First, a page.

Henrywood and Agarwal also explain why this effect makes a whistle, rather than another noise, by showing that the mechanism is similar to that seen in an organ pipe or flute. A specific frequency dominates among the sound waves because the note is determined by the size and shape of the opening, and the length of the spout. The longer the spout, the lower the note will be.

The researchers also found, however, that kettles will whistle below the flow-rate at which the vortices emerge. Just as the water begins to boil, they found an entirely different mechanism, which also makes a sound. The difference was that the tone at this stage was fixed at one frequency.

“The fixed frequency was intriguing and not something that we had expected to see,” Henrywood said. “We eventually established that below a particular flow rate the whistle behaved like a Helmholtz resonator – the same mechanism which gives you a tone when you blow over an empty bottle.”

When air is blown over the open neck of a bottle, the Helmholtz resonator mechanism causes sound to radiate from the neck. The air just inside the neck is bouncing up and down – the air in the main body of the bottle being compressed and released each time like a spring.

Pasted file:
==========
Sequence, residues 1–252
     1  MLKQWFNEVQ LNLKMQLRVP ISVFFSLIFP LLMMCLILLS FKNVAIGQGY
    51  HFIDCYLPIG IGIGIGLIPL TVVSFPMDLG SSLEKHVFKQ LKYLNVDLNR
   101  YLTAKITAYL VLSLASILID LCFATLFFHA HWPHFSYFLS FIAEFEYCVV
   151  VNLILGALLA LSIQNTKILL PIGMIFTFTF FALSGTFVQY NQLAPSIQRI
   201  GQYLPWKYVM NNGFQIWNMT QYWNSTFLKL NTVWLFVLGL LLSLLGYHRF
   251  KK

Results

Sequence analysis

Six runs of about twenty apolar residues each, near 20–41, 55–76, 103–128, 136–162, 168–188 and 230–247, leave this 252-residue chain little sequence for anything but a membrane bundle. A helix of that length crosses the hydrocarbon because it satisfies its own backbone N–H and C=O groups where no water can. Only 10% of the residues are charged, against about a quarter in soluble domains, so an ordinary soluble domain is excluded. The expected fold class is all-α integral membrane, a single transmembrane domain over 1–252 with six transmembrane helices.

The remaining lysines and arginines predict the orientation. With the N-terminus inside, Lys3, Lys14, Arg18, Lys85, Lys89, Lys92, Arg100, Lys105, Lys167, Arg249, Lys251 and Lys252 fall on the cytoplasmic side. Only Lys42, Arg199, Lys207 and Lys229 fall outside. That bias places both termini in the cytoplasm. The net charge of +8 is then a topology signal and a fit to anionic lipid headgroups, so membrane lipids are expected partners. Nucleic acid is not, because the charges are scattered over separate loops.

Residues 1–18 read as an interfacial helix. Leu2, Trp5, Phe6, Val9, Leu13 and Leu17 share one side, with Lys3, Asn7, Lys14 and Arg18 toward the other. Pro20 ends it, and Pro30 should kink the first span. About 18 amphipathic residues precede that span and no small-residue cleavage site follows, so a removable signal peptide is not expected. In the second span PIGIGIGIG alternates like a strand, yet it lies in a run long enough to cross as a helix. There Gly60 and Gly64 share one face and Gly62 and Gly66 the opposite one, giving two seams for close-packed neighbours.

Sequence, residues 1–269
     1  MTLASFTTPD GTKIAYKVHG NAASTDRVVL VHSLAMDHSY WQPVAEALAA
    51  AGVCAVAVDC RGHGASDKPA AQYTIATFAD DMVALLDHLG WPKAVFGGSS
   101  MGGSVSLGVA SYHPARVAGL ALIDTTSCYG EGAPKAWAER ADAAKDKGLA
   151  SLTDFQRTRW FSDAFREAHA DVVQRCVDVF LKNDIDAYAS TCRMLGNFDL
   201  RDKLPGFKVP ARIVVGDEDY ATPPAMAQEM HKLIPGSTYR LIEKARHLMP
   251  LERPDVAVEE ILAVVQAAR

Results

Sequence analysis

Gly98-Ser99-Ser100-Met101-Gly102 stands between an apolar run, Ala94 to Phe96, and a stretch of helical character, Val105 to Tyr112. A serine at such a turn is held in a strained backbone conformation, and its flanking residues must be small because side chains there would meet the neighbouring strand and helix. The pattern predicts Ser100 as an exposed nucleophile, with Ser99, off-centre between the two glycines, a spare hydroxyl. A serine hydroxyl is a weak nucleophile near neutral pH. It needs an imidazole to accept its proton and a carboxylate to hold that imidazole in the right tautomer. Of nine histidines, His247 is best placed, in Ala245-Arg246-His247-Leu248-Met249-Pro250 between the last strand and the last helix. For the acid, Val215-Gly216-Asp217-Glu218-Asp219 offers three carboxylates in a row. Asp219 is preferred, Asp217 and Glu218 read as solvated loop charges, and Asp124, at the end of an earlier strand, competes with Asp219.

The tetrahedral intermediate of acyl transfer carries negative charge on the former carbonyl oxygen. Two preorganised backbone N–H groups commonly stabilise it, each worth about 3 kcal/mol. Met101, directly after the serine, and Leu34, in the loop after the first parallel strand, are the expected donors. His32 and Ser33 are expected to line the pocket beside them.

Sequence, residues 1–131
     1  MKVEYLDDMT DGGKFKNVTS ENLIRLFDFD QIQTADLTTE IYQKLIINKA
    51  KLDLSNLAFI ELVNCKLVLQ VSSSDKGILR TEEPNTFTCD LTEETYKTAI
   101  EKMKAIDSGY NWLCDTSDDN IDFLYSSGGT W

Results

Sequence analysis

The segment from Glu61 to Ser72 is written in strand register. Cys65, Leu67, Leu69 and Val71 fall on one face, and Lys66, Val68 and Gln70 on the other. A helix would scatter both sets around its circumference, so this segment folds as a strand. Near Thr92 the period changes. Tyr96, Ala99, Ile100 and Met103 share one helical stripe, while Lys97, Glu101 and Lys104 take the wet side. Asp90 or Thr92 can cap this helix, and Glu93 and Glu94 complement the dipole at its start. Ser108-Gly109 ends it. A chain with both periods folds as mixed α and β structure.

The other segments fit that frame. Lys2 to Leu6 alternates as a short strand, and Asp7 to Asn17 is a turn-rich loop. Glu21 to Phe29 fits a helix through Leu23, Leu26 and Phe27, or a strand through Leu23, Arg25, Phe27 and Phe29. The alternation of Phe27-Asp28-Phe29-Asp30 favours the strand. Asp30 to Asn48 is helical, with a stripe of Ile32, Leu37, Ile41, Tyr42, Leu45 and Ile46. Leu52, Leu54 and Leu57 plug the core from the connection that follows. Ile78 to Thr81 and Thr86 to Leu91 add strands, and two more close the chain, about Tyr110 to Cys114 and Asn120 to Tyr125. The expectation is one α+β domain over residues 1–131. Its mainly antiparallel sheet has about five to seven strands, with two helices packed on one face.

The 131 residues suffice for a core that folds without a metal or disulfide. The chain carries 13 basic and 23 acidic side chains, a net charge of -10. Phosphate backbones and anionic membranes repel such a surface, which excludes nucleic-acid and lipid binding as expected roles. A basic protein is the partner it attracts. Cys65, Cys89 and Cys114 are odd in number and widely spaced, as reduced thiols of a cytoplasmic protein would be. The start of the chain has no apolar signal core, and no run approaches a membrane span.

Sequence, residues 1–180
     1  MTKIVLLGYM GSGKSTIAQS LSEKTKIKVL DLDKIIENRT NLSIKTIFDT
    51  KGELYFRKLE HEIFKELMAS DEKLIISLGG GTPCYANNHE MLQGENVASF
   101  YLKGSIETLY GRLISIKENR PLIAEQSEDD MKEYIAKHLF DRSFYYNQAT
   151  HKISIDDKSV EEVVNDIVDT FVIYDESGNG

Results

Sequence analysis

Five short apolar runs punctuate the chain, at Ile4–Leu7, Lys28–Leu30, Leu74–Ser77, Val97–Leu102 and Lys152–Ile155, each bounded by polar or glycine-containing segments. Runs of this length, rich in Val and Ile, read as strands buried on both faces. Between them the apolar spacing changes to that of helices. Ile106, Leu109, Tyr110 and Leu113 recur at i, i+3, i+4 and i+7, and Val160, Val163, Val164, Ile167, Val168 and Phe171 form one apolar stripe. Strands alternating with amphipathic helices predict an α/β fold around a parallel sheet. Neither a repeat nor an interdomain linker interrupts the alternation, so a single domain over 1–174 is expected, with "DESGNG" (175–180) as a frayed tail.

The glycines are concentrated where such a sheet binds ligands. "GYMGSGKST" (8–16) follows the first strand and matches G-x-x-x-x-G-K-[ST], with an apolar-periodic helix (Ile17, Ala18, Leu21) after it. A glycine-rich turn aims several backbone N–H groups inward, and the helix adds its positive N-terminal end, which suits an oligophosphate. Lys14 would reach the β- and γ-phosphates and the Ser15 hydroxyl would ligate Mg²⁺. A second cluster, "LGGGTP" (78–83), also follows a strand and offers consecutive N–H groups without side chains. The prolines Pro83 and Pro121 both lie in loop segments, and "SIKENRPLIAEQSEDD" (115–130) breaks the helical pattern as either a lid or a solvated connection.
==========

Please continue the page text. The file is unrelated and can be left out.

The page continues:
For the kettle, the spring is the air inside the whistle, while the air within the whistle opening reverberates like the air in the neck of a bottle. “In a kettle, of course, the air is blown through, rather than over, the neck – the effect is similar to whistling by mouth,” Henrywood added. “In some kettles, both these mechanisms are happening. Because our study enables us to assess the mechanisms in action, we can potentially make modifications to stop the noise – if we want to.”

Henrywood and Agarwal are now working on a project to make quieter high-speed hand-dryers, by looking at how the jet of air released by these devices creates noise. Their paper on kettles  - The Aeroacoustics Of A Steam Kettle – can be found in the October issue of The Physics Of Fluids.

For more information about this story, please contact Tom Kirk, Tel: +44 (0)1223 332300, thomas.kirk@admin.cam.ac.uk